Proto-Indo-European (PIE) is the theorized common ancestor of the Indo-European language family. Its proposed features have been derived by linguistic reconstruction from documented Indo-European languages. No direct record of Proto-Indo-European exists.
Indo-European studies is a field of linguistics and an interdisciplinary field of study dealing with Indo-European languages, both current and extinct. The goal of those engaged in these studies is to amass information about the hypothetical proto-language from which all of these languages are descended, a language dubbed Proto-Indo-European (PIE), and its speakers, the Proto-Indo-Europeans, including their society and Proto-Indo-European mythology. The studies cover where the language originated and how it spread. This article also lists Indo-European scholars, centres, journals and book series.
Indo-Iranian peoples, also known as Indo-Iranic peoples by scholars, and sometimes as Arya or Aryans from their self-designation, were a group of Indo-European peoples who brought the Indo-Iranian languages, a major branch of the Indo-European language family, to major parts of Eurasia in the second part of the 3rd millennium BC. They eventually branched out into Iranian peoples and Indo-Aryan peoples.
Robert Stephen Paul Beekes was a Dutch linguist who was emeritus professor of Comparative Indo-European Linguistics at Leiden University and an author of many monographs on the Proto-Indo-European language.
Proto-Indo-Iranian or Proto-Indo-Iranic is the reconstructed proto-language of the Indo-Iranian/Indo-Iranic branch of Indo-European. Its speakers, the hypothetical Proto-Indo-Iranians, are assumed to have lived in the late 3rd millennium BC, and are often connected with the Sintashta culture of the Eurasian Steppe and the early Andronovo archaeological horizon.
Graeco-Armenian is the hypothetical common ancestor of Greek and Armenian that postdates Proto-Indo-European. Its status is somewhat similar to that of the Italo-Celtic grouping: each is widely considered plausible without being accepted as established communis opinio. The hypothetical Proto-Graeco-Armenian stage would need to date to the 3rd millennium BC and would be only barely different from either late Proto-Indo-European or Graeco-Armeno-Aryan.
The Anatolian hypothesis, also known as the Anatolian theory or the sedentary farmer theory, first developed by British archaeologist Colin Renfrew in 1987, proposes that the dispersal of Proto-Indo-Europeans originated in Neolithic Anatolia. It is the main competitor to the Kurgan hypothesis, or steppe theory, the more favoured view academically.
The Armenian hypothesis of the Proto-Indo-European homeland, proposed by Georgian Tamaz V. Gamkrelidze and Russian linguist Vyacheslav Ivanov in the early 1980s, suggests that Proto-Indo-European was spoken during the 5th–4th millennia BC in "Armenian Highlands, Northern Mesopotamia".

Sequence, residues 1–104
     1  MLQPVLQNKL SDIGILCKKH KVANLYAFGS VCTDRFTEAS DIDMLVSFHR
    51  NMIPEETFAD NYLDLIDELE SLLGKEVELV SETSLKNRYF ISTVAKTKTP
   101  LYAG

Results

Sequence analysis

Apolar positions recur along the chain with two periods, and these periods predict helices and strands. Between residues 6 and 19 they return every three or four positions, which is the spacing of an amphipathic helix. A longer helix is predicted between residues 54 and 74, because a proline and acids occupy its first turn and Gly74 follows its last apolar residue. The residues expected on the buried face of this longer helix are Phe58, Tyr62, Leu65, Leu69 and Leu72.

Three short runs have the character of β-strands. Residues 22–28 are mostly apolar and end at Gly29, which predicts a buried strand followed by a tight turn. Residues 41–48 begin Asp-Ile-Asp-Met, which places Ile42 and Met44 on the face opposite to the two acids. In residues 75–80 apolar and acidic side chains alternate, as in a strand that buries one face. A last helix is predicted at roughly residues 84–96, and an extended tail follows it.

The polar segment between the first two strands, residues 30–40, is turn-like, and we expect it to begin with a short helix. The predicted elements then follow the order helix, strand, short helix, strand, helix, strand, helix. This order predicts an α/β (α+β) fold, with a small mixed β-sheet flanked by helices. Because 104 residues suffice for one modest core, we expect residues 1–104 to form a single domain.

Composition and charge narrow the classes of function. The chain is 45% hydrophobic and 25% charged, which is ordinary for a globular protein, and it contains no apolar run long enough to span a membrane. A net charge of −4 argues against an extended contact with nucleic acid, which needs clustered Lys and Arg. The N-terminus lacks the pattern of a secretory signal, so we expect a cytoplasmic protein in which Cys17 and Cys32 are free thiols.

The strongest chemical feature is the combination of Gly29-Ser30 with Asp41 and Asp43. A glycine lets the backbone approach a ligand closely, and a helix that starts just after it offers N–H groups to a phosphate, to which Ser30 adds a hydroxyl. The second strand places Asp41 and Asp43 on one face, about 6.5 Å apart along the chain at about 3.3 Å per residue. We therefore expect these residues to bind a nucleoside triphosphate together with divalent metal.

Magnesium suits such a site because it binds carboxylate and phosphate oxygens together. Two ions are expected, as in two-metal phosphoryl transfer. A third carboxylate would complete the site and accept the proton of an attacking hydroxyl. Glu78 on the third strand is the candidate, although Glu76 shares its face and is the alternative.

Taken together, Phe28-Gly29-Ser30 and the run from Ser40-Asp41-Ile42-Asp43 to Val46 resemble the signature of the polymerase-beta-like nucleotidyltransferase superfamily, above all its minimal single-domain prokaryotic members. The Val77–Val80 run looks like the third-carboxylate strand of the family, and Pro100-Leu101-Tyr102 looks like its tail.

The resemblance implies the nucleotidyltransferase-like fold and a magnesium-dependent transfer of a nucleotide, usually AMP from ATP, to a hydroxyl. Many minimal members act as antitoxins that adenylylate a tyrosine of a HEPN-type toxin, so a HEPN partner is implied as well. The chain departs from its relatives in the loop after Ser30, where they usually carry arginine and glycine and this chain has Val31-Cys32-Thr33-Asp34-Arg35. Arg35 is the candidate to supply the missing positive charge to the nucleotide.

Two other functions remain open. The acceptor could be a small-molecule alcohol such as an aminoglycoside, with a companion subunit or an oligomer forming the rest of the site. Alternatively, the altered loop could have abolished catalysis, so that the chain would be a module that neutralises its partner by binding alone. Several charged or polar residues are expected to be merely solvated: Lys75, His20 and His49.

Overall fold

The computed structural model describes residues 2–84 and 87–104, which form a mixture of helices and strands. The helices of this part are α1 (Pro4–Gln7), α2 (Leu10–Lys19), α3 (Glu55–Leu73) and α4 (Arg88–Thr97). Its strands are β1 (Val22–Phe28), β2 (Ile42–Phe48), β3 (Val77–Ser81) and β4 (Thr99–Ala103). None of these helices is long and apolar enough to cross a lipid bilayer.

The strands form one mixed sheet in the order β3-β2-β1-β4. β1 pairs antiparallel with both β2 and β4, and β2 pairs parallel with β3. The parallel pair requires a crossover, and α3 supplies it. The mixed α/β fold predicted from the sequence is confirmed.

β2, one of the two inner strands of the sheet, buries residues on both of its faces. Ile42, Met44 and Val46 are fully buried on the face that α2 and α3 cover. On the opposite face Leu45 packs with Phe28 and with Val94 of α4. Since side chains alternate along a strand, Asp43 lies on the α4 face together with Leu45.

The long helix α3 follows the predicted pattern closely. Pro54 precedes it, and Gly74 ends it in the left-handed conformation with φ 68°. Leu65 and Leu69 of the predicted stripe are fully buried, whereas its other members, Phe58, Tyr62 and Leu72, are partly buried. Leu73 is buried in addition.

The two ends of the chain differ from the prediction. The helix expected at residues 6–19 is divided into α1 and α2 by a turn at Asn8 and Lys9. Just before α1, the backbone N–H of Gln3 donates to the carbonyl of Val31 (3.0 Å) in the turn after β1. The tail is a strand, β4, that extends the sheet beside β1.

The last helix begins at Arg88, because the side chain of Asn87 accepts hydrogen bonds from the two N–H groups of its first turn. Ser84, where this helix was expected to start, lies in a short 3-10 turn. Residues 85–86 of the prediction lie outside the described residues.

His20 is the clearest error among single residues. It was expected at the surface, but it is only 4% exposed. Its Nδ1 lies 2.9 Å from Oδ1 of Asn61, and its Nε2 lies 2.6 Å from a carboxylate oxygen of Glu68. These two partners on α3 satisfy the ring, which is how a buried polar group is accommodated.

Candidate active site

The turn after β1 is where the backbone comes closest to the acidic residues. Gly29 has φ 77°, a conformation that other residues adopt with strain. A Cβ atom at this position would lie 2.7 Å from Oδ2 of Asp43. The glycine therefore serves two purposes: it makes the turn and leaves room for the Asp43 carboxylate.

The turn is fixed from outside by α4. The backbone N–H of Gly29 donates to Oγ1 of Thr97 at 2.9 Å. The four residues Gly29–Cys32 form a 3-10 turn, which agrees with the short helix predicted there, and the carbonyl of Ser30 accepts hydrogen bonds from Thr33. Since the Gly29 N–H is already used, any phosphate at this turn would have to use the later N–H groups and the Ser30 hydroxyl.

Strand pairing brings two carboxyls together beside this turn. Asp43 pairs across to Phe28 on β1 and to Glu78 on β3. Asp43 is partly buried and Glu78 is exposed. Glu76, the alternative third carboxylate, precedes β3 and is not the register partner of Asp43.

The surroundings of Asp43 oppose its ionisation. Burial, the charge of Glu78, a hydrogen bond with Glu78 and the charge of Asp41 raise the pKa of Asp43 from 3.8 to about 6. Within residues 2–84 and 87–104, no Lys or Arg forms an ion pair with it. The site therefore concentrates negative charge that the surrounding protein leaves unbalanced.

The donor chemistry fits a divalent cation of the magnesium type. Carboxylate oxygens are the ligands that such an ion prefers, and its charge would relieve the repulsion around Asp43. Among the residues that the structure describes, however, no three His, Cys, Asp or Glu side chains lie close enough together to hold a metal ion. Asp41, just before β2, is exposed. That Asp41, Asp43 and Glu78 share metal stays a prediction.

Proto-Armenian is the earlier, unattested stage of the Armenian language which has been reconstructed by linguists. As Armenian is the only known language of its branch of the Indo-European languages, the comparative method cannot be used to reconstruct its earlier stages. Instead, a combination of internal and external reconstruction, by reconstructions of Proto-Indo-European and other branches, has allowed linguists to piece together the earlier history of Armenian.
The Proto-Indo-European homeland was the prehistoric Urheimat of the Indo-European languages – the region where the proposed common ancestor of those languages, the Proto-Indo-European language (PIE), was originally spoken. From this region, its speakers migrated east and west, and went on to form the proto-communities of the different branches of the language family.
Aryan is a term which was originally used as a self-designation by Indo-Iranian peoples in ancient times, in contrast to "non-Indo-Aryan" or "non-Iranian" peoples. The idea of being an Aryan was religious, cultural and linguistic, not racial. Although the root *h₂er(y)ós is most likely of Proto-Indo-European (PIE) origin, the use of Arya as an ethno-cultural self-designation is only attested to among Indo-Iranian peoples, and it is not known if PIE speakers had a term to designate themselves as a group.
The Indo-European migrations were the migrations of Proto-Indo-European language (PIE) speakers, as proposed by contemporary scholarship, and the subsequent migrations of people speaking further developed Indo-European languages, which explains why the Indo-European languages are spoken in a large area in Eurasia, from India and Iran to Europe.
The name Armeno-Phrygian is used for a hypothetical language branch, which would include the languages spoken by the Phrygians and the Armenians, and would be a branch of the Indo-European language family, or a sub-branch of either the proposed "Graeco-Armeno-Aryan" or "Armeno-Aryan" branches. According to this hypothesis, Proto-Armenian was a language descendant from a common ancestor with Phrygian and was closely related to it. Proto-Armenian differentiated from Phrygian by language evolution over time but also by the Hurro-Urartian language substrate influence. Classification is difficult because little is known of Phrygian, but Proto-Armenian arguably forms a subgroup with Greek and Indo-Iranian.